Mark Herring, Virginia’s Democratic attorney general, admitted Wednesday that he wore blackface to a college party in 1980—throwing the state’s leadership into even greater turmoil.
“I’m sure we have all done things at one time or another in our lives that show poor judgement, and worse yet, have caused some level of pain to others,” Herring wrote in a statement. “I have a glaring example from my past that I have thought about with regret in the many years since, and certainly each time I took a step forward in public service.”
“In 1980, when I was a 19-year-old undergraduate in college, some friends suggested we attend a party dressed like rappers we listened to at the time, like Kurtis Blow, and perform a song,” Herring continued. “It sounds ridiculous now even writing it. But because of our ignorance and glib attitudes—and because we did not have an appreciation for the experiences and perspectives of others—we dressed up and put on wigs and brown makeup.”
Herring added that this was a “onetime occurrence,” and that “I accept full responsibility for my conduct.”
In his statement, the attorney general apologized to his constituents of color, writing that “Where they have deserved to feel heard, respected, understood, and honestly represented, I fear my actions have contributed to them being forced to revisit and feel a historical pain that has never been allowed to become history.”
His admission comes just days after the state’s embattled governor, Ralph Northam, came under fire for a racist photo that appeared on his medical school yearbook page. The photo in his Eastern Virginia Medical School yearbook features one person wearing blackface, and another dressed in the hood and robe of the Klu Klux Klan.
While Northam at first admitted to being in the photo, he later denied it—although he acknowledged that he wore blackface at another time, and that his nickname used to be “coonman.” The image and resulting controversy sparked lawmakers across the aisle—including Herring—to call for his resignation, and his approval rating has dropped by a remarkable 41 percent since the start of the scandal.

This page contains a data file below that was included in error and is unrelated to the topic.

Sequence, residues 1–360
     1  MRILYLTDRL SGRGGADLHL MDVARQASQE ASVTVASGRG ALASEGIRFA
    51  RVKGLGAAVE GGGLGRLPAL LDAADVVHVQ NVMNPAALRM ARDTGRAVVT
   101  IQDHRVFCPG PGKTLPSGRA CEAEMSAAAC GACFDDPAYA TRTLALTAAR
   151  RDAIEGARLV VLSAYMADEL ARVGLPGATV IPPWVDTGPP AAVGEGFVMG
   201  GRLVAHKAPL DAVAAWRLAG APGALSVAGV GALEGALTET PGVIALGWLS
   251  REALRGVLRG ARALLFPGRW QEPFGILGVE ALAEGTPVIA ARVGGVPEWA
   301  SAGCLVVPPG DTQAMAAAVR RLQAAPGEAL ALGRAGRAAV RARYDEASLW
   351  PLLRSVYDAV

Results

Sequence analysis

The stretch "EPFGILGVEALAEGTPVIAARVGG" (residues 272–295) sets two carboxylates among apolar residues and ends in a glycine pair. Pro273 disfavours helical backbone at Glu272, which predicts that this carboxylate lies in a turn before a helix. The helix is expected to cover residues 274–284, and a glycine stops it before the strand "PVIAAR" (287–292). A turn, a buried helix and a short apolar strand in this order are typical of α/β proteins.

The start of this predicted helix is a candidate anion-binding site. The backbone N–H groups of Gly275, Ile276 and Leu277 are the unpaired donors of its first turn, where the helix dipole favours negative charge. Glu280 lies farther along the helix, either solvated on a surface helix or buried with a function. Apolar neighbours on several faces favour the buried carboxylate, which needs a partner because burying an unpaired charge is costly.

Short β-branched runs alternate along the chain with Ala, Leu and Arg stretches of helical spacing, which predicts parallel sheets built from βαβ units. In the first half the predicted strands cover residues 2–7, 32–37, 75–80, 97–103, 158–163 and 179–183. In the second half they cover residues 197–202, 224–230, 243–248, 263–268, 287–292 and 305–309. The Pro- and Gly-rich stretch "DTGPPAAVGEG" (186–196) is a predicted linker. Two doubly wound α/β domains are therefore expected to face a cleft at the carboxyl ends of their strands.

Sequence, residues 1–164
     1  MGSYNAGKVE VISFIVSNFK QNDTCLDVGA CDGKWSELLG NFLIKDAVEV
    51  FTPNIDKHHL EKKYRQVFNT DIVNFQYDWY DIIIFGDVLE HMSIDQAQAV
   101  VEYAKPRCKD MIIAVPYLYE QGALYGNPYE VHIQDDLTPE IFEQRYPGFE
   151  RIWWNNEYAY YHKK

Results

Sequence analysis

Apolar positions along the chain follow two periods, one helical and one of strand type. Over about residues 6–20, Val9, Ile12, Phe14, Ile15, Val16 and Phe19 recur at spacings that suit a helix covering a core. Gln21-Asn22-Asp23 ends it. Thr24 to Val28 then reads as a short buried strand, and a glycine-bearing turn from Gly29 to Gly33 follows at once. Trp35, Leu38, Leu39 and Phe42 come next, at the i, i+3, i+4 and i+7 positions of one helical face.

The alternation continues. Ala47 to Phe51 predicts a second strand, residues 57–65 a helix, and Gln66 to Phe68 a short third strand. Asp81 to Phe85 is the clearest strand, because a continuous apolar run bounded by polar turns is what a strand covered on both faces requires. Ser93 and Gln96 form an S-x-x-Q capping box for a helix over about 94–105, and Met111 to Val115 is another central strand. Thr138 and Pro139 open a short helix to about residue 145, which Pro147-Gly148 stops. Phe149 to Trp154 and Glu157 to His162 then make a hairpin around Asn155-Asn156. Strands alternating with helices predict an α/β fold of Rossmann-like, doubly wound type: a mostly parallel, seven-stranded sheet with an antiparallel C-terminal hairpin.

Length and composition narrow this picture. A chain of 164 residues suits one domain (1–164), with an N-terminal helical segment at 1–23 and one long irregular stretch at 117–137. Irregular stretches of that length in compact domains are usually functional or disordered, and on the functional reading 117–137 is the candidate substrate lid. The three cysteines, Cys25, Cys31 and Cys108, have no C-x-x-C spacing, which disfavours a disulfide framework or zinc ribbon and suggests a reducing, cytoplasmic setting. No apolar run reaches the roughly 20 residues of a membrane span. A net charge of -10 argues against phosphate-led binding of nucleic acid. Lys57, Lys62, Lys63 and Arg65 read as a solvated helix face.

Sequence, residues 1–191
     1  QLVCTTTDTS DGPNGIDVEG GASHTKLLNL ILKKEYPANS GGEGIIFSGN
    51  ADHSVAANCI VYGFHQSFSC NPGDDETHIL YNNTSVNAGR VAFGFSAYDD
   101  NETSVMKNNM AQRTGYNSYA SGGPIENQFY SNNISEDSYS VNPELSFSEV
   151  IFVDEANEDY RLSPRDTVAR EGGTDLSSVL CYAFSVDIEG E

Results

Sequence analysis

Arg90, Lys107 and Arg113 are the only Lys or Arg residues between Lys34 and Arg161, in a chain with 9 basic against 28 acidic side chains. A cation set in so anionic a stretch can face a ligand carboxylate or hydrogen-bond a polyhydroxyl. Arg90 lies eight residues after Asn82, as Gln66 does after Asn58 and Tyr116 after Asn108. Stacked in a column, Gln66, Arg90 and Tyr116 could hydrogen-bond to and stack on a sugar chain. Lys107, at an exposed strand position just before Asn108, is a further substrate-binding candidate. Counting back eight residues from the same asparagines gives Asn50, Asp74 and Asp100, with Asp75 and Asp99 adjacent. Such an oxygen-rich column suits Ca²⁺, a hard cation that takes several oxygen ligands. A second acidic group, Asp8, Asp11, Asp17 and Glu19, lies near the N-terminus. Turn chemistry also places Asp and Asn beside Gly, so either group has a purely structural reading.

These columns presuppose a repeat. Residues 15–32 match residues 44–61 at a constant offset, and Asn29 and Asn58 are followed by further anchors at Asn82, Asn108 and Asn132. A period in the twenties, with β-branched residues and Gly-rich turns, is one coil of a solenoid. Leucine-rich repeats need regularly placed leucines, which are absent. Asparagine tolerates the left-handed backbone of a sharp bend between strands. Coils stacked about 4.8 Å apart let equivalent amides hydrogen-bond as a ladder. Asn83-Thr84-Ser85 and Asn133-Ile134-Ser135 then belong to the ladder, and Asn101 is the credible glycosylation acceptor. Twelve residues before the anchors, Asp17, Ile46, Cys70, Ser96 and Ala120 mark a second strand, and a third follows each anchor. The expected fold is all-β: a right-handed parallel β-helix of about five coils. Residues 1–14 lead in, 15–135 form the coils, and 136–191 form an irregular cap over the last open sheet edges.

That’s not all. After the racist photo surfaced, Virginia’s Lieutenant Governor Justin Fairfax—who would replace Northam if he decides to resign—was accused of sexually assaulting a woman at the Democratic National Convention in 2004. The allegation was published in the far-right news site Big League Politics—the same outlet that first published the image of Northam’s yearbook page.
Fairfax vehemently denied the allegations in a statement, claiming that he “never assaulted anyone—ever—in any way, shape or form,” and that The Washington Post chose not to publish the woman’s allegations after finding “significant red flags and inconsistencies within the allegations.”
The Post quickly denied that part of Fairfax’s account, writing that they did not find significant red flags or inconsistencies—they just weren’t able to corroborate either side of the story. Fairfax immediately snapped back at the outlet, claiming the Post “smeared” him by publishing details of the account.
Fairfax also suggested that a potential 2021 challenger, Richmond Mayor Levar Stoney, could have been behind the allegation.
On Wednesday, NBC News’ Kasie Hunt claimed that Fairfax also attacked his accuser, Vanessa Tyson, in a closed-door meeting. Fairfax reportedly said “fuck that bitch” when discussing his accuser, two sources told the outlet.
Fairfax’s chief of staff told The New York Times hours later that the lieutenant governor did say “fuck” during the meeting—but he denied that Fairfax ever called her “a fucking bitch.”
Fairfax took a softer tone when he released his own statement on Twitter Wednesday, moments after the NBC report surfaced. “While this allegation has been both surprising and hurtful,” he wrote, “I also recognize that no one makes charges of this kind lightly, and I take it and this situation very seriously.”
In the statement, he reiterated his earlier claim that his sexual encounter with Tyson was consensual—but encouraged the public to “treat both the woman who made this allegation and my family with respect for how painful this situation can be for everyone involved.”
“I wish her no harm or humiliation, nor do I seek to denigrate her or diminish her voice,” he added. “But I cannot agree with a description of events that I know is not true.”
Hours after Fairfax’s statement, Tyson’s legal team released her description of the allegations. She claimed that after meeting Fairfax in July 2016, he invited her to his hotel room, and kissed her while she was waiting at his door. But that consensual kissing, she alleged, “turned into sexual assault.”
“Mr. Fairfax put his hand behind my neck and forcefully pushed his head towards my crotch... Utterly shocked and terrified, I tried to move my head away, but could not,” Tyson wrote, saying that she “cried and gagged” while he “forced” her to perform oral sex.
Herring would be next in line for the state’s highest office should Northam and Fairfax step down.
“In the days ahead, honest conversation and discussions should make it clear whether I can or should continue to serve as attorney general,” he concluded in his statement, “but no matter where we go from here, I will say that from the bottom of my heart, I am deeply, deeply sorry for the pain that I cause with this revelation.”